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Cheering at a runDisney Event: A runDisney Event Article

by Cheryl Pendry, PassPorter Featured Columnist
Last modified 05-14-2015

Not long after we booked our recent spring vacation, I realised that while we would be in Disney, one of the many runDisney events throughout the year would be taking place.

Immediately I knew that I wanted to do whatever I could to support the runners taking part. I considered going to watch the 10k, which would be at Epcot, and would be taking place the morning after we landed in Orlando. Certainly, getting up early enough wouldn’t be a problem for us, with the jet lag from a nine-and-a-half hour transatlantic flight, and indeed we were up at 3:15 am. It was a very surreal experience to hear Disney buses at that hour! However, as we’d be moving from the Treehouse Villas, where we spent our first night, over to Bay Lake Tower, Epcot was a little bit out of the way. Instead, I figured we’d watch the runners in the half marathon the next morning.

Now the first thing I will say is that I didn’t find the official runDisney website that much help to me as a spectator, when it came to planning for the day. Sure, it had some basic information, but it seemed to be mainly targeted at those who wanted to watch the runners from the theme parks, and predominantly the Magic Kingdom. I had no idea where a good place would be to spectate from, so I asked the question in the Running at Walt Disney World forum on the PassPorter message boards, and I got so much help and useful advice from there.

The first thing the runners told me was that, as I suspected, just about everyone heads for the theme parks. Well, that would explain why the runDisney website focuses on that. The runners also told me that they appreciate getting support the whole way around the route, so my mind was made up. I knew I wanted to be outside the parks. I asked about watching from somewhere near the Contemporary, and that met with resounding approval, with the runners explaining to me that they’ll have just run up through the tunnel that goes underneath the waterway linking Bay Lake to the Seven Seas Lagoon. It’s so vital to have little bits of information like that, as despite the fact we’ve driven it many, many times previously, I’d never really noticed the steep incline coming out from that tunnel, but of course when you’re running 13.1 miles, things like that can really sap your energy. That’s as far as we got before the big day. We did ask when people we knew would be coming through, but frustratingly, we had problems with our cell phone, so we couldn’t monitor any runners to check on their progress. One of my friends told me that she’d be a “yellow Belle,” and gave me the rough time she thought she’d be through. Easy, I naively thought. I’ll have no problems spotting her. Oh my goodness, how wrong could I be? I have never seen so many yellow Belles in my life, so that’s my first piece of advice to anyone wanting to watch a race – ensure that you can track your runners.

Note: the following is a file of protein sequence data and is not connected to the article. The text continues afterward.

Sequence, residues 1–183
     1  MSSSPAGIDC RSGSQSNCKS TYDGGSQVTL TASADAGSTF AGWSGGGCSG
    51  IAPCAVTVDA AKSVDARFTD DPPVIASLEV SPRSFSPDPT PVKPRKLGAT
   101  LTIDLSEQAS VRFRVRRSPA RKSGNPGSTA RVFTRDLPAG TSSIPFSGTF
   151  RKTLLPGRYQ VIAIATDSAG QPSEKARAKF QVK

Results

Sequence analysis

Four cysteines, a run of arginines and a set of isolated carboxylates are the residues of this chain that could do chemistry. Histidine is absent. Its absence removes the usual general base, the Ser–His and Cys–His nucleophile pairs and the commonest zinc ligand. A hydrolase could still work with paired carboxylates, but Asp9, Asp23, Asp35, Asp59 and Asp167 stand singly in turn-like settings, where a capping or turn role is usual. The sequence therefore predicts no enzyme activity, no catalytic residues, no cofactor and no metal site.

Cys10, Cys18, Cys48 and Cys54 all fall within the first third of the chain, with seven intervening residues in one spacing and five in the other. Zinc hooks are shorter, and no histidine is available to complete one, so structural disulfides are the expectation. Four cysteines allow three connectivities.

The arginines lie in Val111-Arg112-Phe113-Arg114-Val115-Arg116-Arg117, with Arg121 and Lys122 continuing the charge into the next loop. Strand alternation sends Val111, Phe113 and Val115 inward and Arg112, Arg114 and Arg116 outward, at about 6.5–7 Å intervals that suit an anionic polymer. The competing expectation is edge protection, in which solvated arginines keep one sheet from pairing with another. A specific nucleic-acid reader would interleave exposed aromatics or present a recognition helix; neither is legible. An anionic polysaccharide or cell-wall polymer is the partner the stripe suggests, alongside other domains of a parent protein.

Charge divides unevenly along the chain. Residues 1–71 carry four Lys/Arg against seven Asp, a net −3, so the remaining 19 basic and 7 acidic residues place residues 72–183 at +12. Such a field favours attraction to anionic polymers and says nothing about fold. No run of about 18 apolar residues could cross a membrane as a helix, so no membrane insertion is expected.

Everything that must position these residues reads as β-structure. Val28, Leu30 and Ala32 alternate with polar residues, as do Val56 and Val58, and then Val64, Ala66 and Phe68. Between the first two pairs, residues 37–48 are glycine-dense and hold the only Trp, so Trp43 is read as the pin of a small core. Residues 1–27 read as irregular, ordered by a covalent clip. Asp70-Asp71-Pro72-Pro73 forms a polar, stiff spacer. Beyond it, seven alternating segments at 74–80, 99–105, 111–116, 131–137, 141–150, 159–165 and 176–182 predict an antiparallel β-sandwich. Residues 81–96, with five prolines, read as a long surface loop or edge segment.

We ended up watching from the entrance to the Contemporary, and here’s where we got a bit of a shock. We figured that we’d be able to get nice and close to the runners, so we could see people easily, but no such luck. We were held at the road that runs in front of the Contemporary, and the runners were on the other side of the road, with traffic passing in front of us. It was very frustrating not to be able to get closer, and it left one lonesome Disney security guy shouting for the runners, and supporting them. He did an admirable job, but the little group of us at the side of the road were, I think it’s fair to say, disappointed not to be a bit nearer.